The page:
Archive for November 19th, 2012

November 19, 2012

“Isn’t it Better to Give and Receive?”

While reading a local newspaper, I came across an advertisement from a national nonprofit organization. The headline in the ad read:

Isn’t it Better to Give and Receive? — [Name of organization deleted] Life Income Plans”

I liked the mildly clever twist on a common phrase. So, I took a moment to read the text that followed:

My dad and I have that special father/daughter relationship you read about. So while I know he needs some extra cash to make life more comfortable, I don’t want to insult him by giving him checks all the time.

I’ve decided to give this dear, generous, wonderful man a gift annuity from [name of organization deleted]. It accomplishes everything I want in one simple gift. He will receive a partially tax-free stream of income for the rest of his life, and I won’t have to embarrass either of us, because [name of organization deleted] will send the checks directly to him. I will receive an income tax deduction on a portion of the gift in the year in which I make the gift.

I’ll have the satisfaction of knowing that I’ve done the right thing for my Dad, and for [name of organization deleted].

What could be better? We give and we receive, it’s the perfect partnership.”

The ad included a sample gift annuity illustration for a $50,000 gift for an 80 year old annuitant. The ad also included a photograph of a middle-age woman. In addition, it included a generic development-office email address, development-office mailing address, and 800 telephone number.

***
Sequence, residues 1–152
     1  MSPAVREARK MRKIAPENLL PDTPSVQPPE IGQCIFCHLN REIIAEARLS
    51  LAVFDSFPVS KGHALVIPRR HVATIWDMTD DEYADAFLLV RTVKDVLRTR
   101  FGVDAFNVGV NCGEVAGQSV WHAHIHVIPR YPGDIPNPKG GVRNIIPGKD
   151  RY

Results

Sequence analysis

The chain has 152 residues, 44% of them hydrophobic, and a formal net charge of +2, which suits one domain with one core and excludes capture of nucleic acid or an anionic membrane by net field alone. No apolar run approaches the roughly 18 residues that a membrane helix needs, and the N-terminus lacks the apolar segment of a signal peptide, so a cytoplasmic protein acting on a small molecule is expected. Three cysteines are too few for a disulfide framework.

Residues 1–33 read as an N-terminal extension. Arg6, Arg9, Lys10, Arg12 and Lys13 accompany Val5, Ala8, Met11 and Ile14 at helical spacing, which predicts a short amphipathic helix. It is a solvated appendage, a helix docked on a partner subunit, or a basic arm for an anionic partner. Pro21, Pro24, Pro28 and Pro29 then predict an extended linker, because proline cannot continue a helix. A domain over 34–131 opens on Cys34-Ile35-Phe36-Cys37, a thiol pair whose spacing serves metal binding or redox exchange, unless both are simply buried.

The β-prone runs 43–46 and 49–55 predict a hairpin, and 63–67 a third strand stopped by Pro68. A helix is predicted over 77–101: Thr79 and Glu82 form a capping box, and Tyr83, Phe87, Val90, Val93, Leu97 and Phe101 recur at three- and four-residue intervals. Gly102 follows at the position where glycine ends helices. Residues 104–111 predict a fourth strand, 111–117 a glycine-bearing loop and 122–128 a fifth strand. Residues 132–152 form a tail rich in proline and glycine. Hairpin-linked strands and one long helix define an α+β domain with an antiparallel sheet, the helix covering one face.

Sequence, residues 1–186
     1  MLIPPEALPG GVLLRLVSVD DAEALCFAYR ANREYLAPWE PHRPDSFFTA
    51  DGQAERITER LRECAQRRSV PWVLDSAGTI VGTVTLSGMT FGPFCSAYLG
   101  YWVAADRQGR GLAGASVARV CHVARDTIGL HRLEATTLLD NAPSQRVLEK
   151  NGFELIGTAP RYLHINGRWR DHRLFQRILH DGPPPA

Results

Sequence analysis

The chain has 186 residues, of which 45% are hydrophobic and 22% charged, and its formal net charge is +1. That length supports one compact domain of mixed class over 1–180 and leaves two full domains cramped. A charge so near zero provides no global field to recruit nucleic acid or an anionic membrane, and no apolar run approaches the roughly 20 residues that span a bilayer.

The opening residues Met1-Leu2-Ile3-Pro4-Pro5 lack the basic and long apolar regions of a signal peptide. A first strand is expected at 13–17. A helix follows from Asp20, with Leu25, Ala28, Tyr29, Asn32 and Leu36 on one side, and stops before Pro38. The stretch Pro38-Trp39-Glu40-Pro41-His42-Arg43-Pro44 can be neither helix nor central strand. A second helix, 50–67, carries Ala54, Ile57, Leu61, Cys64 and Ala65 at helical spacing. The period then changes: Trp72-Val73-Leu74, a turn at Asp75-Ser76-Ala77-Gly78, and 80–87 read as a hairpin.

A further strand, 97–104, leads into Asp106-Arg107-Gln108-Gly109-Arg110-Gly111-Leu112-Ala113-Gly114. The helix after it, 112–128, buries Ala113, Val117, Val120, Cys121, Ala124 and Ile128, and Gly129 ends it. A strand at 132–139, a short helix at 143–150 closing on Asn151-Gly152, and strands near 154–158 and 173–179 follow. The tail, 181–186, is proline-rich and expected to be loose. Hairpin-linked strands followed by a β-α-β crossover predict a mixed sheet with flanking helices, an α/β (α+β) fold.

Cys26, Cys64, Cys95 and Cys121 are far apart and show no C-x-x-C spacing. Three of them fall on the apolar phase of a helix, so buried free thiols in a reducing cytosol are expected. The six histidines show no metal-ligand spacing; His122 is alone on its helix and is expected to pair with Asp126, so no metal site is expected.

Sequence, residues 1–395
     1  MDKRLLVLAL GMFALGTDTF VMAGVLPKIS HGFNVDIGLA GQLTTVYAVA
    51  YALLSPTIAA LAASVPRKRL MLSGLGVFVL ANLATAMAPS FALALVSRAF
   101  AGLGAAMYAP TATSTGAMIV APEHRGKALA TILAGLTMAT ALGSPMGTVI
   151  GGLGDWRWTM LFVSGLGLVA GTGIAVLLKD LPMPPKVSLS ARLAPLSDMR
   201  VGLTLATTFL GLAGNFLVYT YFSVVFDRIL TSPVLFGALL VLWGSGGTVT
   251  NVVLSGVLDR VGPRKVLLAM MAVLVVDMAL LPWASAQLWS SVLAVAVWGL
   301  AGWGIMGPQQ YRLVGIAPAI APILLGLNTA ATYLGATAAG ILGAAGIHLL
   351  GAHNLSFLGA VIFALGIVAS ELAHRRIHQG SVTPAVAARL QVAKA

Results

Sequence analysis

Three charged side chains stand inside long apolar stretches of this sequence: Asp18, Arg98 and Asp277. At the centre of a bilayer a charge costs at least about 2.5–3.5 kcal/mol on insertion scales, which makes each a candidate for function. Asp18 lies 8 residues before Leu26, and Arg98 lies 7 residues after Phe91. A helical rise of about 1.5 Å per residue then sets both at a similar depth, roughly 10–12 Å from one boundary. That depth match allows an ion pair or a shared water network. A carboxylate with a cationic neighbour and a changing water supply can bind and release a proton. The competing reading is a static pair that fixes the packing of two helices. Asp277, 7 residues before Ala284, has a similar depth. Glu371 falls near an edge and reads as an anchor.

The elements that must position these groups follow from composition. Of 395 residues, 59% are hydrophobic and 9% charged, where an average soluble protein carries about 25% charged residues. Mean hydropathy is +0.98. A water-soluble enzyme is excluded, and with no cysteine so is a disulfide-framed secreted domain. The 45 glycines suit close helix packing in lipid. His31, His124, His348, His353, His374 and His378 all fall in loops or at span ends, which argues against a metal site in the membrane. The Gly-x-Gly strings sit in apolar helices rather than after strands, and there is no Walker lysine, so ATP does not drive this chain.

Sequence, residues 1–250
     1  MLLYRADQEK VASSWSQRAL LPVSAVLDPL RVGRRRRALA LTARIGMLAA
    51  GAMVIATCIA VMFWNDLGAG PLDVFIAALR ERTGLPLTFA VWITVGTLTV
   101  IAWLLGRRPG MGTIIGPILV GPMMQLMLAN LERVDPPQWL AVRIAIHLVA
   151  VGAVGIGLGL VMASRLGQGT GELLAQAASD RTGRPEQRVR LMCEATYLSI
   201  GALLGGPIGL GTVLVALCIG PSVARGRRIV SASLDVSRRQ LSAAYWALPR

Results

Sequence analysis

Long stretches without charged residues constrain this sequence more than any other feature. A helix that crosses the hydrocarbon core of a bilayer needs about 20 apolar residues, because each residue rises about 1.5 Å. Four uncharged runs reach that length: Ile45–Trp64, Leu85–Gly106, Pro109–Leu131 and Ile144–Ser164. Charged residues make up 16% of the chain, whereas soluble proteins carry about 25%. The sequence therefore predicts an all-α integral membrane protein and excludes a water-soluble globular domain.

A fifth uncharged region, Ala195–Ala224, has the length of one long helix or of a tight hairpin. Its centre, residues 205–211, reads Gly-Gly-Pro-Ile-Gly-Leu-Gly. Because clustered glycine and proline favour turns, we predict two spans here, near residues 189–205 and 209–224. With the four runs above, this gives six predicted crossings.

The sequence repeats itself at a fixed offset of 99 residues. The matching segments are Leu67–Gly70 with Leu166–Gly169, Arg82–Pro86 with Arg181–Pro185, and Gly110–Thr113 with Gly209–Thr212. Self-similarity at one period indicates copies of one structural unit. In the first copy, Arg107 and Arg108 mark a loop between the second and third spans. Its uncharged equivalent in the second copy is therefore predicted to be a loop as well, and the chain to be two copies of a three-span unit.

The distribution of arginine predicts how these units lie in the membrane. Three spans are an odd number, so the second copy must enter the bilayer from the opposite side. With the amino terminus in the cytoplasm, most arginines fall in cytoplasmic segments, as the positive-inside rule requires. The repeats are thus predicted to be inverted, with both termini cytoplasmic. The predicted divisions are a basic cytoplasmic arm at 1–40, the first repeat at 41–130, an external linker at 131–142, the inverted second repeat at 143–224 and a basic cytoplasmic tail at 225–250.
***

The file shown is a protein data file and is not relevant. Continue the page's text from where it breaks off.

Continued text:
While I want to focus on the story told in the ad, I do want to also mention that the ad would have been stronger if the organization had included the name of a specific contact person. Prospective donors are more likely to email, mail, or call a named individual rather than a faceless institution.

Ok, let’s look at the story.

The ad told a terrific, seemingly heartfelt story. However, I was immediately suspicious that the story was a fiction. The photo of the woman, presumably the “daughter” from the story, had that stock-photo look to it. No names, not even simply first names, were used in the story. The story also did not mention anything related to the organization’s mission making it seem like a product pitch.

So, I called the organization’s head of planned giving to learn more about the ad. She was kind enough to take the time to speak with me which I greatly appreciate.

read more »

%d bloggers like this: